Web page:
Microsoft is making a big gamble here, and I don’t understand how the company imagines it’ll pay off. First, if Sony stays on the rumored trajectory, its Neo refresh will launch this year. It won’t be as powerful as Project Scorpio, but if Microsoft’s own Xbox 360 taught us anything, it’s that it doesn’t need to be; a year’s lead in the market is much more valuable. The enthusiast crowd that these mid-cycle refreshes are targeting aren’t going to want to wait a full year for a promised console with nothing tangible to show for itself when they could instead buy a much better version of the current most popular console on the market now. Once they buy a Neo, most consumers simply won’t care enough (or be able to afford) to buy another console a year later.
Of course, that point hinges on Sony’s ability to launch Neo this year when the company has still so far barely even been willing to recognize its existence publicly and just passed on the opportunity to show it off during the single biggest annual event in the games industry. Still, this point doesn’t really matter when compared to the next.
Microsoft is making a massive strategic mistake with its Xbox Play Anywhere program.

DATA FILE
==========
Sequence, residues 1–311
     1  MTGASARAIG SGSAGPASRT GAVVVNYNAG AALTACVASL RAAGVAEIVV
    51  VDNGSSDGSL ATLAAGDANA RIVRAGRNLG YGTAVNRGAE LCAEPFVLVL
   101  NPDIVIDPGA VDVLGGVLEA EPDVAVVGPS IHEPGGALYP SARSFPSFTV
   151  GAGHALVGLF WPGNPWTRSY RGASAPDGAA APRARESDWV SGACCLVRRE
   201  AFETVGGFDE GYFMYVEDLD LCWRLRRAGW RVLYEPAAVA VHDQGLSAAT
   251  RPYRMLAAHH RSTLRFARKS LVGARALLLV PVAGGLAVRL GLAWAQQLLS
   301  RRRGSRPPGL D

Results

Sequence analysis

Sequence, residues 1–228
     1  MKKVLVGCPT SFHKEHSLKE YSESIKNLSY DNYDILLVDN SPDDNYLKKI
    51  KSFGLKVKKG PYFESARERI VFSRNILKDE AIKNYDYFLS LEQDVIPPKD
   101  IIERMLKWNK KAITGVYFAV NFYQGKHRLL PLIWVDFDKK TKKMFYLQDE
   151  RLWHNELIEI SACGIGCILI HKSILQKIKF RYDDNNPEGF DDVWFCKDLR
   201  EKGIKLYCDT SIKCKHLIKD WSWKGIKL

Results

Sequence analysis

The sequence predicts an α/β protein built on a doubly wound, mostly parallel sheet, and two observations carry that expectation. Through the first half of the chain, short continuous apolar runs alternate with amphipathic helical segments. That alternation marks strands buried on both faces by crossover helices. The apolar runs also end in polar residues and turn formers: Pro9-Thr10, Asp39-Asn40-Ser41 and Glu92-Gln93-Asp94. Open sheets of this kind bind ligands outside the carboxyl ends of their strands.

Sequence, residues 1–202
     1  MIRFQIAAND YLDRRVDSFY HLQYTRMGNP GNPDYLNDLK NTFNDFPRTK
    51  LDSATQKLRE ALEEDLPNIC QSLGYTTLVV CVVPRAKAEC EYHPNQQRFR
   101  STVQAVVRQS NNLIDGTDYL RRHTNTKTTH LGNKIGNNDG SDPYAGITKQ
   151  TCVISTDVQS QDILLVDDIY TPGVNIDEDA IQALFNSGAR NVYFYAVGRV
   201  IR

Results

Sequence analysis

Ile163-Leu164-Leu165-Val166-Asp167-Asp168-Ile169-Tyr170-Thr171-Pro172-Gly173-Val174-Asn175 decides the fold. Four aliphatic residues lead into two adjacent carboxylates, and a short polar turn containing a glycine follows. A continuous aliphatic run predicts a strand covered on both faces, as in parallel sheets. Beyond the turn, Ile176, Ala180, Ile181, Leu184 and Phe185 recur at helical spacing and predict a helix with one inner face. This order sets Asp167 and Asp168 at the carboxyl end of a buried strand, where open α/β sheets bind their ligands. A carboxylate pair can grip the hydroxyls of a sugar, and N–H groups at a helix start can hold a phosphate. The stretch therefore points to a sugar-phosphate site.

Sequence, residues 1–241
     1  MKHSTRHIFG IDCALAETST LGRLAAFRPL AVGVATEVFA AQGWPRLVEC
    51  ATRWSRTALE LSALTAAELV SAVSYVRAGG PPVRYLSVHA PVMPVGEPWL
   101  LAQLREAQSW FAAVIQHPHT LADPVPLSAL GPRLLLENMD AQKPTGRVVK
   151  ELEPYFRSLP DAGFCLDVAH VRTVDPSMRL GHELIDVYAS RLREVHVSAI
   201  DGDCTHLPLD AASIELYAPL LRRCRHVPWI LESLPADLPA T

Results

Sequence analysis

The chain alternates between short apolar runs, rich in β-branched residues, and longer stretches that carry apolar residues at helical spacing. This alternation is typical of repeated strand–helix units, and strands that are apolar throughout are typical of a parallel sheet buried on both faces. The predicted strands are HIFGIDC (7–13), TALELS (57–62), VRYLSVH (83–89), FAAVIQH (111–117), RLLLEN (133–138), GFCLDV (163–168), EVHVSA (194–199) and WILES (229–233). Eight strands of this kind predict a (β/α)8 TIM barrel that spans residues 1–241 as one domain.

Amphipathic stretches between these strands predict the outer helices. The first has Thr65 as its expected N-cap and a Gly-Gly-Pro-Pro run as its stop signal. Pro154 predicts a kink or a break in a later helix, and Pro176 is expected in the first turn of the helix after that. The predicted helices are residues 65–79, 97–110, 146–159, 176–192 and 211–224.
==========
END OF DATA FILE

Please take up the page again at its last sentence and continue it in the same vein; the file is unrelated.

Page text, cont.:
XPA is Microsoft’s answer to Sony’s Cross-Play promotion where one purchase of an eligible game available on multiple PlayStation platforms gets you all versions of the game at no additional charge. Without paying anything extra, you could buy a game on your PlayStation 4 and get the PlayStation 3 and Vita versions for free, be able to share save files seamlessly and potentially even play multiplayer across all platforms. It’s a generous, pro-consumer decision, and likewise, so is XPA. Buying the Xbox One version of Gears of War 4, for instance, will net you the PC version for free and players of either can play multiplayer against each other in one shared community. Microsoft is promising that all its first-party games will be available on both console and PC from now on and will support XPA.
The company is trying to tear down the walls separating console and PC, and in doing so, it’s destroying any reason to buy a Project Scorpio.
Project Scorpio is not going to fundamentally solve the problems with consoles: it is still a closed platform, it is still locked to the same hardware for a number of years, it will still prevent you from upgrading parts over time to save money. In short: it’s not a PC. If Microsoft is then going to decouple itself from the idea of “console exclusives,” why would a person ever buy Project Scorpio? One of the arguments against the PC has always been that you’d be missing out on console exclusives, but if you can play all future Gears of War, Forza and Halo games on the PC from now on, why not just build a PC instead so you can upgrade it over time rather than buying a completely new box every few years?